Simulate a dice. This is pretty easy in Python. We can just use the random int module to return random number between 1 and 6. I’m going to create a class that creates a dice object with a color and specified number of sides because I’ll probably simulate dice in the future and this way I’ve got a debugged dice creator ready to roll. When rolled the dice object returns an int between 1 and 6.

class Die:
"""
Class representing a die

"""

def __init__(self, colour, sides_count = 6):
self.__sides_count = sides_count
self.colour = colour

def description(self):
return "A {} die with {} sides".format(self.colour, self.__sides_count)

def get_sides_count(self):
"""
Returns the number of sides the die has
"""
return self.__sides_count

def roll(self):
"""
Rolls a die and returns a number from 1
to the sides count
"""
import random as _random
return _random.randint(1, self.__sides_count)

Simulate a handful of dice. We can create another class that ‘makes’ a handful of dice using the class we just made in step one. Each handful will be made up of a certain number of different colored dice and each handful can be rolled a specified number of times. It is possible to simulate this problem with just one dice object, but doing it this way is easier to understand and debug as it’s a virtual recreation of the real problem. The handful of dice can be rolled and the results are returned in an array.

class Handful:
"""
Class for a handful of dice.
"""
def __init__(self,num_dice=1,times_thrown=1):
self.num_dice = num_dice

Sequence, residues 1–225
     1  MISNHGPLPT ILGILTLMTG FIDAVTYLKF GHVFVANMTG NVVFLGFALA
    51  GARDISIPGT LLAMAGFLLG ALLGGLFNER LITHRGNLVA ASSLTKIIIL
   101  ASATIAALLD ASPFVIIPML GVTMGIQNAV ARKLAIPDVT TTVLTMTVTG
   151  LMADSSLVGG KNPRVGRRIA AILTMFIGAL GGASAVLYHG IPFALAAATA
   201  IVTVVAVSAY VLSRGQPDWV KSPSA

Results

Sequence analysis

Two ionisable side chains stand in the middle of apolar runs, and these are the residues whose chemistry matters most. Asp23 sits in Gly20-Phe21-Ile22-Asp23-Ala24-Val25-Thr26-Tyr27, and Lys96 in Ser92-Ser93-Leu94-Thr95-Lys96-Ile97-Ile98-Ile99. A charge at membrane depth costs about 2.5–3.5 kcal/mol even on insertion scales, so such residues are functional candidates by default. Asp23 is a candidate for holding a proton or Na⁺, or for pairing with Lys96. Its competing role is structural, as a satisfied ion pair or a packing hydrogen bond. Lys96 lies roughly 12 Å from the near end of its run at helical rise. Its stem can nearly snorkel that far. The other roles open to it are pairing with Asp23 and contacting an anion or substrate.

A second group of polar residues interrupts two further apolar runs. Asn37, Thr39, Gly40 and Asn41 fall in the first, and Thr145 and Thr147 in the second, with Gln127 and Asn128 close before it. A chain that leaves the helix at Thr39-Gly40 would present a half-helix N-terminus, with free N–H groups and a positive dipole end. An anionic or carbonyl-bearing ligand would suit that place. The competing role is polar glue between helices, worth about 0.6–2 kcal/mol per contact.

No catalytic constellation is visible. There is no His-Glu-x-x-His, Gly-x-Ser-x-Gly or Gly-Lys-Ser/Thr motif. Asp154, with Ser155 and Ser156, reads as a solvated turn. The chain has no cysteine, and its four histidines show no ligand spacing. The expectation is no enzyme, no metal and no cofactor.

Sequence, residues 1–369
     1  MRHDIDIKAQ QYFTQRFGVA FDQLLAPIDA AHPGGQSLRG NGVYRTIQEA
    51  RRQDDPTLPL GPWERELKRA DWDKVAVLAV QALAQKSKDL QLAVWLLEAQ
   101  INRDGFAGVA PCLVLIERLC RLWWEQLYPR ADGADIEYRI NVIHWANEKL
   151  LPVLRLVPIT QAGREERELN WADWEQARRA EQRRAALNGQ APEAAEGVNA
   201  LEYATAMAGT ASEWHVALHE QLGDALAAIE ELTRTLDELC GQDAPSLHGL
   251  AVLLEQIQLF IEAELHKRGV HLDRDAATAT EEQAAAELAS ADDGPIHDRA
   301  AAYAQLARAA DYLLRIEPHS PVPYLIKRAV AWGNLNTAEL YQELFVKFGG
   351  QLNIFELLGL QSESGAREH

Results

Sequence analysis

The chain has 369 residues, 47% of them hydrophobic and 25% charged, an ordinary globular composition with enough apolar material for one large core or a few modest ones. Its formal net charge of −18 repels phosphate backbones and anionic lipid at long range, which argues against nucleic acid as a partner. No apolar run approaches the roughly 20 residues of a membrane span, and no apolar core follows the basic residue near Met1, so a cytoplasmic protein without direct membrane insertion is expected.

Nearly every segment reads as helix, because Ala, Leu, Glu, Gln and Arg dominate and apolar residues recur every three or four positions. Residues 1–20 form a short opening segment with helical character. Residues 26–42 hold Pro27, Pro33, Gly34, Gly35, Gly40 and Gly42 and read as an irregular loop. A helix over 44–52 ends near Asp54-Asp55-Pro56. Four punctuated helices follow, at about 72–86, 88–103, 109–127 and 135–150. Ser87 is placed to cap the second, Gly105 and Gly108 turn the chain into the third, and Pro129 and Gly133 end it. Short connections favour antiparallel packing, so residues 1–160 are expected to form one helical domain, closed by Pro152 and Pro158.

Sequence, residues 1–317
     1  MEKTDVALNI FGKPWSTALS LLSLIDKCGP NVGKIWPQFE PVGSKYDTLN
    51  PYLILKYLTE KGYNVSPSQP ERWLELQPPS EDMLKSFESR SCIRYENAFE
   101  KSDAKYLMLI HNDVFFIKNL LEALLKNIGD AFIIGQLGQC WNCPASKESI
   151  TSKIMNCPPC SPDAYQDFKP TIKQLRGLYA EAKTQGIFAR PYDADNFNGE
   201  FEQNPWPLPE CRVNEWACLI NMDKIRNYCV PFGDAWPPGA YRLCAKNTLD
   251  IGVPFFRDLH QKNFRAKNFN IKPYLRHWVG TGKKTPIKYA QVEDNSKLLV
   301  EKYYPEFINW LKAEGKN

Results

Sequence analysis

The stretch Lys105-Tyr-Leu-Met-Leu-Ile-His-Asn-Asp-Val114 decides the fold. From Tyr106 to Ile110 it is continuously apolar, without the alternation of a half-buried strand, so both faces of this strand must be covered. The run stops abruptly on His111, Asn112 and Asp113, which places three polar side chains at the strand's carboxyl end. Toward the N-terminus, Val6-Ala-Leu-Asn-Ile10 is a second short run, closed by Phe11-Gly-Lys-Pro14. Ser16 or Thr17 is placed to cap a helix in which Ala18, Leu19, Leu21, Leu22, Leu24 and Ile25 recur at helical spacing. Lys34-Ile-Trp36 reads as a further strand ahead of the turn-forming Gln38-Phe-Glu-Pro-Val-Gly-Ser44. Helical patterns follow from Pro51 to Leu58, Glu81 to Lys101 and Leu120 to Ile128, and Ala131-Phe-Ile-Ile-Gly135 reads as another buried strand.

self.times_thrown = times_thrown

def description(self):
return "A handful of {} die thrown {} times".format(self.num_dice, self.times_thrown)

def throw(self):

colour_list = ['Red', 'Green', 'White', 'Yellow', 'Blue','Black', 'Brown', 'Azure','Ivory', 'Teal']
die_list = []

for i in colour_list[0:self.num_dice]:
x = Die(i)
die_list.append(x)

throw_list = []

for i in range(0,self.times_thrown):
for x in die_list:
throw_list.append(x.roll())

throw_array = np.array(throw_list)
throw_array = np.reshape(throw_array, (self.times_thrown,self.num_dice))

return throw_array

Now we have a way to make handfuls of dice, let’s try to simulate A. We need to create a handful of two dice and roll them five times. That’s easy to do using the Die and Handful classes we just defined. What we get back from this is an array of 5 pairs of random numbers between 1 and 6. Something like this.

[[1,6],[6,1],[6,1],[1,6],[1,6]]

What we need to do now is check if this is a ‘win’.

The easiest way to do this is define another array called ‘A_win_array’ that looks like this.

[[1,6],[1,6],[1,6],[1,6],[1,6]]

Now we sort our roll array from lowest to highest and check if it matches the ‘win_array’. To do this we write a little function called ‘check_equal’ that will check if the arrays match.

def check_equal(a,b):
"Function to check if two arrays are equal"
if np.array_equal(a,b):
return 1
else:
return 0

If the roll is a ‘win’ then one is added to the win counter for A, if not it adds zero.

A_win_counter += check_equal(A, A_win_array)

Then we just repeat this process using a loop for however many rolls we want to test. I used one billion.

Then we can calculate the probability by dividing the index of each ‘win’ by the roll number.

If we plot the probability of every win we get this. You can see that due to the law of large numbers the probabilities start off pretty wild and then get closer and closer to the calculated value as the number of rolls increases.

Simulated probability of A is 5.4313e-07.
Calculated probability of A is 5.2922e-7.

Simulated probability of B is 4.29207e-06.
Calculated probability of B is 4.16761e-6.

Pretty close huh?

So now we can be pretty confident in answering the problem that sparked all this calculation. Although both probabilities are exceedingly small you’re almost 10 times more likely to get five 1s and five 6s by throwing a handful of ten dice once than two dice, five times.

If you’re interested in the complete code I used to simulate this problem you can find it here.